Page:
Don't underestimate the impact of Romney's performance. Mr. President, take off the gloves and call him out on the LIES, BACKPEDALING, OFF SHORE BANK ACCOUNTS, 'ENTITLEMENT', RELIGION, RACISM, 47 PER CENT, WOMEN AND GET IT DONE! Get your energy - and your EYES when on camera - up! This is yours to lose. Or win. We Do Not W ant to move toCanada...

Oct. 04 2012 01:45 PM
Ron Hunter Jr from Richland, OR

I am encouraged that Romney was able to articulate with poise and authority the reasonableness and urgency for the Republican policies. So much of the media is supportive of Obama and his views, the moderator even went to the aid of Obama in the debate at one point, the the public is met with a false understanding of the Republican solutions.

Oct. 04 2012 01:38 PM
Joe Russo from Staten Island

Think strategy. Republican money will now stay with Romney, who will lose anyway, instead of flowing to down tickets. Result: Obama wins, Senate stays democratic and republican house advantage shrinks! Smart!

Oct. 04 2012 01:25 PM

I believe that it is time to wake up and to see that the values that have been shaped our life by by media and etc are not real,and we should be more honest to ourself,and do not let these intertainments such as debates to play with our emotion,and to couse us choose wrong choice . The best way is ,if we really care about our life ,to study these tow candidate,then listening to our logic and to our inner being.good luck to all.

Oct. 04 2012 01:15 PM
Karen Pearson from Mass.

Romney looked very good, but he was lying through his teeth, which you realized if you have been following the campaigns and the fact checkers carefully. Unfortunately, Obama looked to me like he was being too polite.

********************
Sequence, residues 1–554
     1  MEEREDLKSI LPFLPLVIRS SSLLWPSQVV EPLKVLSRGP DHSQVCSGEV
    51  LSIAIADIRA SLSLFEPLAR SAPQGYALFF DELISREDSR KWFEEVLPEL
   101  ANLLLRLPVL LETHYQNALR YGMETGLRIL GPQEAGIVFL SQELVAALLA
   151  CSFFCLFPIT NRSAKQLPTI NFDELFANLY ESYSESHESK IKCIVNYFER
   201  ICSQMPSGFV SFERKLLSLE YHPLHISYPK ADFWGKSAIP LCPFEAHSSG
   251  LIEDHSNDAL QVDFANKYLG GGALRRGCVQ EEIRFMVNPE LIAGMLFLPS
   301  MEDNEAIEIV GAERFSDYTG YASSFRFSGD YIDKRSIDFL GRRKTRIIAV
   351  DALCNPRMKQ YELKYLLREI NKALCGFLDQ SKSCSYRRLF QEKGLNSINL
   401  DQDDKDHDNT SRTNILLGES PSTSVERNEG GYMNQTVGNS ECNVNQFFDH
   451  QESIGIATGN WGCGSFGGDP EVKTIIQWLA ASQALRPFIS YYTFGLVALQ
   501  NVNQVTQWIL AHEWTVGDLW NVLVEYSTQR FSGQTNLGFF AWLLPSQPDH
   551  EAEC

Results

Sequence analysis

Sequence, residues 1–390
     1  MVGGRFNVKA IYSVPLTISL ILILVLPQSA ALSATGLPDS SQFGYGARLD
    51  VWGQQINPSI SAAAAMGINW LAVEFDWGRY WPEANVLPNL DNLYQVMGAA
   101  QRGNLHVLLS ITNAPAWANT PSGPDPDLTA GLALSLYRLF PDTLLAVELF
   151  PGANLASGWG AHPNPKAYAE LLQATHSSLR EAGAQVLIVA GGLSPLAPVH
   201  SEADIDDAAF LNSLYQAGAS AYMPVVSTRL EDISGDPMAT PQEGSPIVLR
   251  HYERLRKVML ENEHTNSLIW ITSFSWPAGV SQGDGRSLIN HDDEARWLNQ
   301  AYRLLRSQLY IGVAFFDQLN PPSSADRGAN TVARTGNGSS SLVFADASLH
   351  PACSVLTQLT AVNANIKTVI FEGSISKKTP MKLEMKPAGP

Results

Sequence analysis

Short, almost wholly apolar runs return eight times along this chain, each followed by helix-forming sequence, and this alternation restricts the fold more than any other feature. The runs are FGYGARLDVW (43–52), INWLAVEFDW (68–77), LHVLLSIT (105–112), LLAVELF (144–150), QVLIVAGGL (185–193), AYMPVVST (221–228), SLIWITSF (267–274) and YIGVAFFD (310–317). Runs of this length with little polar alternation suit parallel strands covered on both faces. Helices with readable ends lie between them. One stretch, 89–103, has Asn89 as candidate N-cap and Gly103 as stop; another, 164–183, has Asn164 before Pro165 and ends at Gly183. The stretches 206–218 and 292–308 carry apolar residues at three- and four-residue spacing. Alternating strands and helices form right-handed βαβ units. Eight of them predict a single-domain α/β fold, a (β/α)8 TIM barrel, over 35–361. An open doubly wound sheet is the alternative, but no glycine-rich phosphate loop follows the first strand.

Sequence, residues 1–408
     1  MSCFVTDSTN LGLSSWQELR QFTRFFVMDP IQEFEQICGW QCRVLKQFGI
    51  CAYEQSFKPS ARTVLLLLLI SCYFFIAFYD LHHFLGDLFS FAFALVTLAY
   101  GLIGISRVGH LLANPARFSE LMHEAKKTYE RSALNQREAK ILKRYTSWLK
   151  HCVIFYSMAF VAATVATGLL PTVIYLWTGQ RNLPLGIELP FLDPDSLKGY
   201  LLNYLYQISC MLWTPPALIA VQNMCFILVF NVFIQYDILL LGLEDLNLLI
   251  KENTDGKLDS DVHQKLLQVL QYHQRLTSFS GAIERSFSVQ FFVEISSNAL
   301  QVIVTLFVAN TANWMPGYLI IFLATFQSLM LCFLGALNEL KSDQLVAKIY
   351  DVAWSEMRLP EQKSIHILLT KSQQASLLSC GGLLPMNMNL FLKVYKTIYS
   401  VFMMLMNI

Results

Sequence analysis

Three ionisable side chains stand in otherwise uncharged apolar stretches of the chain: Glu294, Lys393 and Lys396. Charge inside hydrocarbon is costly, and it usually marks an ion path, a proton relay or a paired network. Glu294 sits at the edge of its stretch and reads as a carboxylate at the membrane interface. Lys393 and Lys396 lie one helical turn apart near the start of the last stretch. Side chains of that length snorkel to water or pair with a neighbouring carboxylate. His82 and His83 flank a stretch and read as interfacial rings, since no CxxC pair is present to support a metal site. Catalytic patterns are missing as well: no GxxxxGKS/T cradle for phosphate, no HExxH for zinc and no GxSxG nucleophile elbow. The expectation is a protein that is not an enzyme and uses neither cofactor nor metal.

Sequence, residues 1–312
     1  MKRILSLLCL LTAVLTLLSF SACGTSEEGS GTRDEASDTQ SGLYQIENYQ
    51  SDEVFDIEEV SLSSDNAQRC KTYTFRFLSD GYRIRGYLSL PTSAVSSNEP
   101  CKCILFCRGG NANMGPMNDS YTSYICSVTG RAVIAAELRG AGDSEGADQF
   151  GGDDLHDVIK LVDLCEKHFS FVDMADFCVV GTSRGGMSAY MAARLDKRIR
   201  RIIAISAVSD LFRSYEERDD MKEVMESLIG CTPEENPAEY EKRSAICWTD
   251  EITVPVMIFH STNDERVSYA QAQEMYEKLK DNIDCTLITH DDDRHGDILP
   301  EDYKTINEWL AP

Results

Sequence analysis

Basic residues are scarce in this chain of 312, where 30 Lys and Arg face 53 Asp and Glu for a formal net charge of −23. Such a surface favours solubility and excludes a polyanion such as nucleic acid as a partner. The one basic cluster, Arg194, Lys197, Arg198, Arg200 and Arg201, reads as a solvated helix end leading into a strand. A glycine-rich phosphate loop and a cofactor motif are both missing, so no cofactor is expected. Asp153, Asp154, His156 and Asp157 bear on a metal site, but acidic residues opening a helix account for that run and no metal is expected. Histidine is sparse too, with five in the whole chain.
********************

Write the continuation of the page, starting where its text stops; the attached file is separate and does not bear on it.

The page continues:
Oct. 04 2012 01:14 PM
Larry Fisher from Brooklyn, N.Y.

We have become a Society of "Mystery Science Theater" fans when it comes to Twitter and social networking...

I watched the debates without anyone tweeting in my ears...or without feeling the need to say anything... (which is surprising for me). I just wanted to listen and take it seriously... and now I am ready to party after sleeping on it.
Romney won it but still doesn't have my vote. I can't believe he didn't say anything dumb. Obama looked like he had a stomach ache.

Oct. 04 2012 11:58 AM
Ana from MA

I am an undecided voter from Massachusetts. In 2008 I voted for Obama, but was pretty disappointed in last night's debate. I am very surprised that I haven't heard anyone comment on the President's claim that there was a surplus during the Clinton Administration. The only time in American history that there was a surplus was when Andrew Jackson was in office. Why has that comment been overlooked?